After the shot is completed, the clamping force is relieved, and the piston is lowered. At this point, the solidified biscuit is locked to the piston by dovetails on the piston's face, Figure 2. As the piston recedes, the biscuit breaks cleanly away from the casting, thereby greatly simplifying post-casting clean-up operations. The lower die assembly is then withdrawn sideways, and the piston is raised to expose the dovetails. This allows the biscuit to be slid off for recycling. The piston is then once again withdrawn vertically, readying the machine for the next shot.
"We like to think of our process as a bridge between low-pressure, or gravity die casting, and the conventional high-pressure method," says John Lawson, technical and business director for THT's motor division. "We realized that our vertical casting method offers a number of advantages for axially symmetric products like motor rotors," says Lawson. "Our founder and president at the time, Ted Thieman, had years of experience casting aluminum rotors our way, and he had his own ideas about how to make the process work with copper."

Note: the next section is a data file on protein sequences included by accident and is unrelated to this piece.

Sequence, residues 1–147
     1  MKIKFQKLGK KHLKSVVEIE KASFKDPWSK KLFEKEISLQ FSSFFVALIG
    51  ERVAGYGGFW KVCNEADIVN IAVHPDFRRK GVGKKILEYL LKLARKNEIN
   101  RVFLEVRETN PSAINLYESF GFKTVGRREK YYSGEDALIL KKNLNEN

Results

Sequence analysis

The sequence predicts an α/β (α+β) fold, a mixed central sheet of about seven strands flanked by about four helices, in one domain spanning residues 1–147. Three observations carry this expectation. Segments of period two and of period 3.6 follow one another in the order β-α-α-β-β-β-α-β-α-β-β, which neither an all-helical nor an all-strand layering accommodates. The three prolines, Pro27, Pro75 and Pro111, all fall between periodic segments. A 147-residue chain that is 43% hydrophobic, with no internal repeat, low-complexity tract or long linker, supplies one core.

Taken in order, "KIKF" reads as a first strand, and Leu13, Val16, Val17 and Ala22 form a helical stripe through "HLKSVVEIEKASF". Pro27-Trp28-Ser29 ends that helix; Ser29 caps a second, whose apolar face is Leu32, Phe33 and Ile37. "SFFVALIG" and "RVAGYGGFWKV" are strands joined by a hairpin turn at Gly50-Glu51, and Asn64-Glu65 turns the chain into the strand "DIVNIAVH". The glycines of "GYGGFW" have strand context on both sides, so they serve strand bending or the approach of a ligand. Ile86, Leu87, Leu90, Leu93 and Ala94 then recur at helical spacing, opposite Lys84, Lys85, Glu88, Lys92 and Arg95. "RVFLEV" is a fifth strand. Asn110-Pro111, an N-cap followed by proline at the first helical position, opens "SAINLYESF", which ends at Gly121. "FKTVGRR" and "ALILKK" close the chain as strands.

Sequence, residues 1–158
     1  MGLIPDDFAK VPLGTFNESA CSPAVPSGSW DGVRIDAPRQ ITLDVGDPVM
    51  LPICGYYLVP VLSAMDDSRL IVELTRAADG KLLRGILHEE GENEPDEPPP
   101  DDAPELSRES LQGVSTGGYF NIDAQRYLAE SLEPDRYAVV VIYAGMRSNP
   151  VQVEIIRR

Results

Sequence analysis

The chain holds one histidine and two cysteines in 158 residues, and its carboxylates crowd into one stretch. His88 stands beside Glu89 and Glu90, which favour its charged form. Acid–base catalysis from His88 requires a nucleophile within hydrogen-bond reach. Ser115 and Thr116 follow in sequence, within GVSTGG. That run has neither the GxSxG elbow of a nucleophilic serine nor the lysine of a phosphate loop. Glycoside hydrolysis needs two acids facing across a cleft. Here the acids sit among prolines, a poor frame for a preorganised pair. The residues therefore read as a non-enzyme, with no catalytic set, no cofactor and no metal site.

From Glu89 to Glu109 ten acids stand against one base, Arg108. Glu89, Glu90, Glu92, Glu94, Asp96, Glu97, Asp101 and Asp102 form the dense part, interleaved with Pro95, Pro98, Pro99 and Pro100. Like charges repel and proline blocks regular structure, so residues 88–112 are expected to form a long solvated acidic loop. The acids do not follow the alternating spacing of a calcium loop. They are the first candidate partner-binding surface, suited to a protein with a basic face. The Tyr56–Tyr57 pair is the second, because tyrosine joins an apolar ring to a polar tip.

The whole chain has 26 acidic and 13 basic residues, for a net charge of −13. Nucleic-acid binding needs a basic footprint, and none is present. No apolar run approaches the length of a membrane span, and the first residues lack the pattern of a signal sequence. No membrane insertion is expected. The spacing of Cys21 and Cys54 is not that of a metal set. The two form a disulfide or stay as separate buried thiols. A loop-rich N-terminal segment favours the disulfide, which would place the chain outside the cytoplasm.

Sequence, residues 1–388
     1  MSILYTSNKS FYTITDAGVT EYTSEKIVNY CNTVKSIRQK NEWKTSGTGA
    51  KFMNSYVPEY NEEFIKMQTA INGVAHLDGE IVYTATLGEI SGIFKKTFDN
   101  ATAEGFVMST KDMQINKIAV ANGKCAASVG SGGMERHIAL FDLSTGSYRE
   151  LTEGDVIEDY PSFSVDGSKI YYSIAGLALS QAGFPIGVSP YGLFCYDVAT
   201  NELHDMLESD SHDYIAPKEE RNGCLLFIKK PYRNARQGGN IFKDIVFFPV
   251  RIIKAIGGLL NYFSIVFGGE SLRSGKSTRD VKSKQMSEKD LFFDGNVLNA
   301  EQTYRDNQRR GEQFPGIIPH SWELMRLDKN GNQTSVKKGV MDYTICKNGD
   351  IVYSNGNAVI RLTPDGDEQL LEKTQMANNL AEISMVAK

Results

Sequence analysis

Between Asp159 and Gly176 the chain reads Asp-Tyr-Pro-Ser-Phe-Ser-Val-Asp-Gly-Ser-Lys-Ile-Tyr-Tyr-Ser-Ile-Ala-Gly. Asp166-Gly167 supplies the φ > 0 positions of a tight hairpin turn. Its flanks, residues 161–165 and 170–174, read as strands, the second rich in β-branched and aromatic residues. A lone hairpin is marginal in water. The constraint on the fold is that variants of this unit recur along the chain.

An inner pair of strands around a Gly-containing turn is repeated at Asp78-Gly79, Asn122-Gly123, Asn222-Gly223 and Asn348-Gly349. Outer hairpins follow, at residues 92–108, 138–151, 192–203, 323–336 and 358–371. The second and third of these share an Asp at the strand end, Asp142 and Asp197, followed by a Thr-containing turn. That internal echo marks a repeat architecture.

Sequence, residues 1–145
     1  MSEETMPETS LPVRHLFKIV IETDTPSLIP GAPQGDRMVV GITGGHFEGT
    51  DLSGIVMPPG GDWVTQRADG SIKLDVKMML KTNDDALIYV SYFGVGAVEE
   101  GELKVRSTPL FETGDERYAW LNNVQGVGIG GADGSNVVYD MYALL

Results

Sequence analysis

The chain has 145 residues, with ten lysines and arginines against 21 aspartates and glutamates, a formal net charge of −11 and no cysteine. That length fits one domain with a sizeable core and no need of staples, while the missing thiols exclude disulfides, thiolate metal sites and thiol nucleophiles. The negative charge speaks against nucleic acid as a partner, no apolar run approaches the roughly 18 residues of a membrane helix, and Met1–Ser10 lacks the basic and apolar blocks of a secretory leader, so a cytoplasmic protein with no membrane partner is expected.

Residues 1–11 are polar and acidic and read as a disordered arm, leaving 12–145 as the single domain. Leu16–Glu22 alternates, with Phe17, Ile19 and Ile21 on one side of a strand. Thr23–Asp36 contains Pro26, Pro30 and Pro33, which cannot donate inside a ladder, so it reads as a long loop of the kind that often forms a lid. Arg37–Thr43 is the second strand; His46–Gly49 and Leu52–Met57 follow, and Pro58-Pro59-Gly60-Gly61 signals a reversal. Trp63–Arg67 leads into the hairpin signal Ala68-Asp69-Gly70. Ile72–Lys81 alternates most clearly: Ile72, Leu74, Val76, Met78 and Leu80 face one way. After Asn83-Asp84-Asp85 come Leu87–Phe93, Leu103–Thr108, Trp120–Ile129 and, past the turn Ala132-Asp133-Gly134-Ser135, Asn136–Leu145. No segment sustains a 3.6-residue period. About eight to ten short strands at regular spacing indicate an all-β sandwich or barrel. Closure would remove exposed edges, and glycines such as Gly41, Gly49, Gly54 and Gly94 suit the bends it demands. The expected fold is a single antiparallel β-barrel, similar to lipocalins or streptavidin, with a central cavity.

According to Lawson, the most important technical advantages of the vertical process stem from the way liquid metal flows into the die. Most important is that, rather than making several 90-degree turns as it does during horizontal casting, metal flows essentially in one direction (up) from the shot-sleeve cavity to the die. Lawson believes this feature, plus the relatively short travel distance involved and the multiple gates arranged completely around the lower end ring, sharply reduce the chance of developing porosity in the casting.